2019 -- 366 outs / 62 hits / 4 errors

(Though Albies had more than five errors in 2018, we are looking just at primary fielding plays, not secondary throws or throws on hits that allowed for an extra base, like this or this.)

Right there, you can see the issue. He had 16 fewer plays turn into outs. (Those missed plays dropped him from +34 on outs to +28, so that explains six of the missing 18 outs.) He then had nearly twice as many balls getting past him for hits. (Those missed plays dropped him from -13 on hits to -26, which, when including errors, explains the remainder of the missing 18 outs.) Basically: More chances, fewer plays made.

That answers the question of why the metric doesn't grade him as well, but it doesn't really explain why he got to fewer balls. It seems to be a directional issue, because he was about equally as good in both years going to his glove side, but in 2019, he dropped from +4 to his arm side down to -10. That's a huge gap.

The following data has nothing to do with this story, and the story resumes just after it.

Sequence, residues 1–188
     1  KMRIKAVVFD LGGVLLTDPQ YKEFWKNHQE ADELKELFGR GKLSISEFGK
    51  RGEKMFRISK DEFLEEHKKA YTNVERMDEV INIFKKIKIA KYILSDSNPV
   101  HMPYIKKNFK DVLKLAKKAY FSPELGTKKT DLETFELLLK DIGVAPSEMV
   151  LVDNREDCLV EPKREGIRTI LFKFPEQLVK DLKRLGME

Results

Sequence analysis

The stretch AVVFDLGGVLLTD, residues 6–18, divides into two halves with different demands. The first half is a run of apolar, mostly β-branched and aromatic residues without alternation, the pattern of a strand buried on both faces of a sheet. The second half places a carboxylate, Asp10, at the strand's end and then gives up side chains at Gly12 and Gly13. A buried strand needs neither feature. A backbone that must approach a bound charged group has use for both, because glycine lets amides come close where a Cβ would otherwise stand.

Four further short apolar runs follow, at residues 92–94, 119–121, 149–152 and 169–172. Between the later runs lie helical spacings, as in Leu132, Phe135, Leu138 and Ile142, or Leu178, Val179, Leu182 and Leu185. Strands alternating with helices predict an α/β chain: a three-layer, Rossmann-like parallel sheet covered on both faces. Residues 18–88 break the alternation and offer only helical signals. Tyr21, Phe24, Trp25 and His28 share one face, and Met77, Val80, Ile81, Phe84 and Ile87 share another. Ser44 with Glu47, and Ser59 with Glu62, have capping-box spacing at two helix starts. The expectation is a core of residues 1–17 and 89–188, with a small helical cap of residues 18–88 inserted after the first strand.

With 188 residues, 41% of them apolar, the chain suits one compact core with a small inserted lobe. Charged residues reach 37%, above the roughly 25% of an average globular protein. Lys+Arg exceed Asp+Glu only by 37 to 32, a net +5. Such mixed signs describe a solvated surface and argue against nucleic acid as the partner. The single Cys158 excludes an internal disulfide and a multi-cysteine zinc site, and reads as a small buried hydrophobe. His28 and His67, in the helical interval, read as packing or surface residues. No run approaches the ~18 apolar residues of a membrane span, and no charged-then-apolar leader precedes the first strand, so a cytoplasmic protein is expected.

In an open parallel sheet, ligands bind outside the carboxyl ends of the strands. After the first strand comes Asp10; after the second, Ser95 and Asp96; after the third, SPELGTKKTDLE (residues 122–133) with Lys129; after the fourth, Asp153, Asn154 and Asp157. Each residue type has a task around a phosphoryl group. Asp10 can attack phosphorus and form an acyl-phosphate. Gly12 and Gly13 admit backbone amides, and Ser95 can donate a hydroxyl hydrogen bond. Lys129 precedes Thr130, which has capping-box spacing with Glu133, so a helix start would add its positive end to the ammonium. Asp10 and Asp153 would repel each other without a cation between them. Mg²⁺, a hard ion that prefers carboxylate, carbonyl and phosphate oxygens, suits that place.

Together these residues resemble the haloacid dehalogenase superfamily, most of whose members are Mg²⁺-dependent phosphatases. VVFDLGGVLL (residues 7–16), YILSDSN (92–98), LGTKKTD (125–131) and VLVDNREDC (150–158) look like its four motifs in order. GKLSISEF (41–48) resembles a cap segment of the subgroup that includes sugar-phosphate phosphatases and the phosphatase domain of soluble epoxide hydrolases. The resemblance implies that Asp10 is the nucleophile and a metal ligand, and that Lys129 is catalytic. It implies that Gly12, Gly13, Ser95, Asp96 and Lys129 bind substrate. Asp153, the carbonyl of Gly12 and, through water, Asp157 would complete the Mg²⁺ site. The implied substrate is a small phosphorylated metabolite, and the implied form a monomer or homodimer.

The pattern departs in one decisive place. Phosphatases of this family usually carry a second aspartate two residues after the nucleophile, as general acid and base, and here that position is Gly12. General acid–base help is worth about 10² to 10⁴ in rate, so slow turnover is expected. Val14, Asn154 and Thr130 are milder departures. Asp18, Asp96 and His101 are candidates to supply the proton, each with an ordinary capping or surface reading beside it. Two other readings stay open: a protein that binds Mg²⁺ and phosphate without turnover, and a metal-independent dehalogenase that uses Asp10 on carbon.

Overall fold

It's not quite clear why that happened, but this ball he failed to collect off the bat of Daniel Descalso is a good example of it:

You can see some of this effect just looking at something simple like "batting average against on grounders." In 2018, the Braves allowed a .226 mark on ground balls, the third best in baseball. In '19, despite adding Josh Donaldson, who rated as one of baseball's better-fielding third basemen, that jumped all the way up to .257 -- the fourth highest.

Because shortstop Dansby Swanson and first baseman Freddie Freeman stayed relatively consistent from 2018 to '19, all of those extra hits had to come from somewhere, and it seems like that they mostly came from the second-base position. That's not the same thing as predicting it will happen again in 2020, of course. But that does seem to be what happened last year.

Mike Petriello is an analyst for MLB.com and the host of the Ballpark Dimensions podcast.